However, the majority has now taken that single, fact-specific application of the broad, general rule -- that knowledge of material facts may give rise to a duty to disclose -- and hardened it into a rigid limitation, holding that only knowledge of irretrievable insolvency must be disclosed. To the contrary, there is nothing in either the Klein or the Richfield Bank & Trust Co. decisions that suggests that the only possible "material facts" which can give rise to a duty to disclose are those which relate to "irretrievable insolvency." In Richfield Bank & Trust Co., the bank's actual knowledge of the manufacturer's fraudulent activity indeed was derived from its knowledge that the company was so irretrievably insolvent that it could not meet its obligations. Id. at 368, 244 N.W.2d at 651-52. In the instant case Liberty Bank had actual knowledge of fraud, based upon Joseph Baker's own comments: in meetings January 3 and 9, 1990 with John Wittek, Baker promised to use the loan proceeds, not to begin the Lindsay's Bar venture as he told the plaintiffs, but instead to pay down some of his debts to Liberty. Surely, actual knowledge of fraud, whether caused by irretrievable insolvency or merely larcenous intent, is exactly the type of "material fact" that this court intended to trigger the duty to disclose.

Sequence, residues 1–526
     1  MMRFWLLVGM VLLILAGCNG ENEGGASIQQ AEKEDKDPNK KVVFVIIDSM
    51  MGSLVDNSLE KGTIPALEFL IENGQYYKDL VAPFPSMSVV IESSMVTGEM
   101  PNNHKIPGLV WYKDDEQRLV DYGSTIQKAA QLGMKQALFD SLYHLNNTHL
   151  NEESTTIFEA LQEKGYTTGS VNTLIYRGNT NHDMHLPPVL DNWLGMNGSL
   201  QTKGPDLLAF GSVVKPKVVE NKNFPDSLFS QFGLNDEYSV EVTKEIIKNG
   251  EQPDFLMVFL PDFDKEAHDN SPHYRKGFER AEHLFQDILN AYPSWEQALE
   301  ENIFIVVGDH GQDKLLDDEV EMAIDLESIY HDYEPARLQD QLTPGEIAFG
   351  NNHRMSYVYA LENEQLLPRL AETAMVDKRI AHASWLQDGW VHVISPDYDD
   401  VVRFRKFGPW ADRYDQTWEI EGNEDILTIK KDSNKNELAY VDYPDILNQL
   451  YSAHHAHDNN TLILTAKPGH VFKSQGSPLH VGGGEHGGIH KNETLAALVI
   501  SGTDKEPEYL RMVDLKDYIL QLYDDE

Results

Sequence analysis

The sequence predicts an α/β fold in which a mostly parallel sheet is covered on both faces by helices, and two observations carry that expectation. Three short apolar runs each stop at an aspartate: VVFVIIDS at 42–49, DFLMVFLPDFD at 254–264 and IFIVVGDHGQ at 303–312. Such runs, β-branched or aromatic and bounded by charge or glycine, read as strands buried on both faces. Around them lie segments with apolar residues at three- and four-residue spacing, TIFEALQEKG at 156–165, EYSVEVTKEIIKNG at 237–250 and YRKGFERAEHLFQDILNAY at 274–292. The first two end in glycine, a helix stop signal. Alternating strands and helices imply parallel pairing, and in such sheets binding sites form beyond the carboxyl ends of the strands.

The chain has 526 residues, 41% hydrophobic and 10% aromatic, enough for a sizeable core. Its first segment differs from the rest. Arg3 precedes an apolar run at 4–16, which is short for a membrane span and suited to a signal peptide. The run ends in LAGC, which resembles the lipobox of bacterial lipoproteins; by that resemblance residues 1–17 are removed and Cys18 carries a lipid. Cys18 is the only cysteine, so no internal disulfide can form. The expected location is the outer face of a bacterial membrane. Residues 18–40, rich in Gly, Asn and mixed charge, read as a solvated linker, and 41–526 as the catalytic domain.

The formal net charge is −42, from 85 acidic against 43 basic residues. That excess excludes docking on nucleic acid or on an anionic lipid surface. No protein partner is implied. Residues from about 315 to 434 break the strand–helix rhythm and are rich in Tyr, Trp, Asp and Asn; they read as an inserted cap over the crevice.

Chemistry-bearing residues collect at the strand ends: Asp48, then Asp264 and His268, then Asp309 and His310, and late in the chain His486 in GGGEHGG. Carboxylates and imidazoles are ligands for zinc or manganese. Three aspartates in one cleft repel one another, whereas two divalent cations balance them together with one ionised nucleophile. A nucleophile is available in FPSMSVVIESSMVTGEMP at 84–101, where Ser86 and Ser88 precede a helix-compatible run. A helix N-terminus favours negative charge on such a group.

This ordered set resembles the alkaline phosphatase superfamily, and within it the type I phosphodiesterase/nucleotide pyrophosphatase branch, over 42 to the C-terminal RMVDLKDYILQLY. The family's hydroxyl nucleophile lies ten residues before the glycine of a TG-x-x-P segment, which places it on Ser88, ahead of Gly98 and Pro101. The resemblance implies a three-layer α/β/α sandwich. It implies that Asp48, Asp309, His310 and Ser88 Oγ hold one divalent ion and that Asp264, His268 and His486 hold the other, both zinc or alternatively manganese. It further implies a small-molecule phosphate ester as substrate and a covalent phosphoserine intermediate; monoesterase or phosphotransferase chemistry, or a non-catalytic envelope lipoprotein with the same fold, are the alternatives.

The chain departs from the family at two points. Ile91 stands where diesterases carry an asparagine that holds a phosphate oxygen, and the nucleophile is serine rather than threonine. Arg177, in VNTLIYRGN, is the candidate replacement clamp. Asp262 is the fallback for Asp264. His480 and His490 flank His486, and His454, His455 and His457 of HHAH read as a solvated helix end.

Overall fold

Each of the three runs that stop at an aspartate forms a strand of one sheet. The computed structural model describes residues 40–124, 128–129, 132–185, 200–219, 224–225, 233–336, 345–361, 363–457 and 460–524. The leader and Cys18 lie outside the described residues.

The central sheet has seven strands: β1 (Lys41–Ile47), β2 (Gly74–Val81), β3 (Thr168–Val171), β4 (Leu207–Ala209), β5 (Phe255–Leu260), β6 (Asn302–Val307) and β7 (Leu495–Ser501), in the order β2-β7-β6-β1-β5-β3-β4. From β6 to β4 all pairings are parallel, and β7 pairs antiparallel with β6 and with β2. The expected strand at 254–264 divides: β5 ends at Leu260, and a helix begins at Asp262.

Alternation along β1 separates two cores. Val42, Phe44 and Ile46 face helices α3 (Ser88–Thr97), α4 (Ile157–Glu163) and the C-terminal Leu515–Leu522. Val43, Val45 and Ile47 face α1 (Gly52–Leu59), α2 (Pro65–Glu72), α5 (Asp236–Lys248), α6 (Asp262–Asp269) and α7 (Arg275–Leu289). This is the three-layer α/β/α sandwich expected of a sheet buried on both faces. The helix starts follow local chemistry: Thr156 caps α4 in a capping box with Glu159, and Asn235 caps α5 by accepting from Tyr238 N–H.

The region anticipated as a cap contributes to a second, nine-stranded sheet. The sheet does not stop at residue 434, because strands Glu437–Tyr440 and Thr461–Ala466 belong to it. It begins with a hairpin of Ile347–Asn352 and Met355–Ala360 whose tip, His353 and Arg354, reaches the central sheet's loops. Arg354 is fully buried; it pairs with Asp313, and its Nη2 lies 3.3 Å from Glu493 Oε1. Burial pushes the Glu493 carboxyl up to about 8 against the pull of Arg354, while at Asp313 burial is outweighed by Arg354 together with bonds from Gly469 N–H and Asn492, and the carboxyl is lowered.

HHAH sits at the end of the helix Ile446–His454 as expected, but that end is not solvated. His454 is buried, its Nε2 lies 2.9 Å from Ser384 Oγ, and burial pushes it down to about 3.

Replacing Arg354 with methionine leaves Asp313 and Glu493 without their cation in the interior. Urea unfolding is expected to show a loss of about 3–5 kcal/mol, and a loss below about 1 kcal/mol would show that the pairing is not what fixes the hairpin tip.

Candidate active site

The Richfield Bank & Trust Co. court held that disclosure was compulsory when a bank knows of fraud being perpetrated by one of its customers in a loan transaction. Today, the majority distorts that holding to conclude that such disclosure is necessary only when the bank is aware of fraud perpetrated by virtue of the customer's financial condition. After reading the majority's analysis, one is left with the question: why is a consumer protected against one type of fraud and not another, when the knowledge to prevent each is within the grasp of the bank and, in each case, unknown to its customer?